Do you want to retire at age 55? Early retirement isn’t for everyone, but it can be a great fit for those wanting a change of pace. The reality is, the many financial products and services that are now available in the marketplace are allowing more people to do this.
In this article, we will go over steps to take when you are retiring at age 55. Let’s look at how much money you might need for retirement at 55, what some optimal retirement options are, what you should know about your accounts at 55, and much more. Read on for some practical tips on how to retire efficiently at 55 or in that time bracket.
Many people choose to continue working after retirement. For some, it’s to help with monthly income and budgeting. As for others, it’s partially to enjoy staying productive in their chosen fields.
However, earning income from work after you have retired and started receiving benefits can significantly impact your Social Security, tax liabilities, Medicare coverage, and other areas of financial concern.
Due to these critical implications, it’s wise to understand the basics of how extra income earned after retirement can affect your financial planning.
If protection and growth are important for you in retirement, you may want to look at your options for a “secureguaranteedretirementaccount.” Fueled by retirement annuities, this sort of financial strategy can give you a guaranteed income that lasts for the rest of your life. As the defined-benefit pension has disappeared, we have all been forced to think more about alternatives for guaranteed retirement income.
A secure guaranteed retirement account can be an important part of your overall retirement strategy. It can counterbalance certain kinds of risk in other retirement investments. An annuity’s stream of income can cover periods when you need extra income, such as the period between your retirement and your eligibility for Social Security or Medicare.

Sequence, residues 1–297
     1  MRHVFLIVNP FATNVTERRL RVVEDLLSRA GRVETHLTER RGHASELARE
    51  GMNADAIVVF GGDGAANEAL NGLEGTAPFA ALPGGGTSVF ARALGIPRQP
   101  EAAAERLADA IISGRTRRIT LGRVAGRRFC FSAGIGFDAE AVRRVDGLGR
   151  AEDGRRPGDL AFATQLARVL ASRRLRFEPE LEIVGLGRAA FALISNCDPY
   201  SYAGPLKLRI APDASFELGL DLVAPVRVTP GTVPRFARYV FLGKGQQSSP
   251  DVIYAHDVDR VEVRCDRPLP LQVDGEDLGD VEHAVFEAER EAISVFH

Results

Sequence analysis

The predictable nature of an annuity’s income stream can allow you to take a bit more risk or creativity in your other retirement investments. In other words, a retirement annuity can give you security and flexibility.
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We celebrate them as independent business owners, friends, neighbors, educators, advocates, and people who are doing good work in their corners of the world. What stands out about financial professionals on SafeMoney.com from countless others in the industry is their commitment to financial security, wellness, and peace of mind for people from all walks of life.
Today, we have the pleasure of sitting down with Jon Bellman, an experienced financial professional from Texas. Jon has been serving clients in the financial services industry for nearly three decades. He is the president and owner of Bellman Financial Services, an independent firm. As a financial professional, Jon is a strong believer in education and in clients understanding their options for well-informed choices.
A retirement bridge account is your strategy for bridging the gap between retiring and claiming your Social Security benefits. Claiming your benefits too early could lead to missing out on tens of thousands of dollars in lifetime benefits. And, for those retiring earlier than age 62, a retirement bridge account may be a necessity.
Whether you are retiring early or want to hold off on claiming your Social Security until later in life, a bridge account can be your financial lifeline. Here’s a quick overview explaining how you can work a bridge strategy into your retirement plan.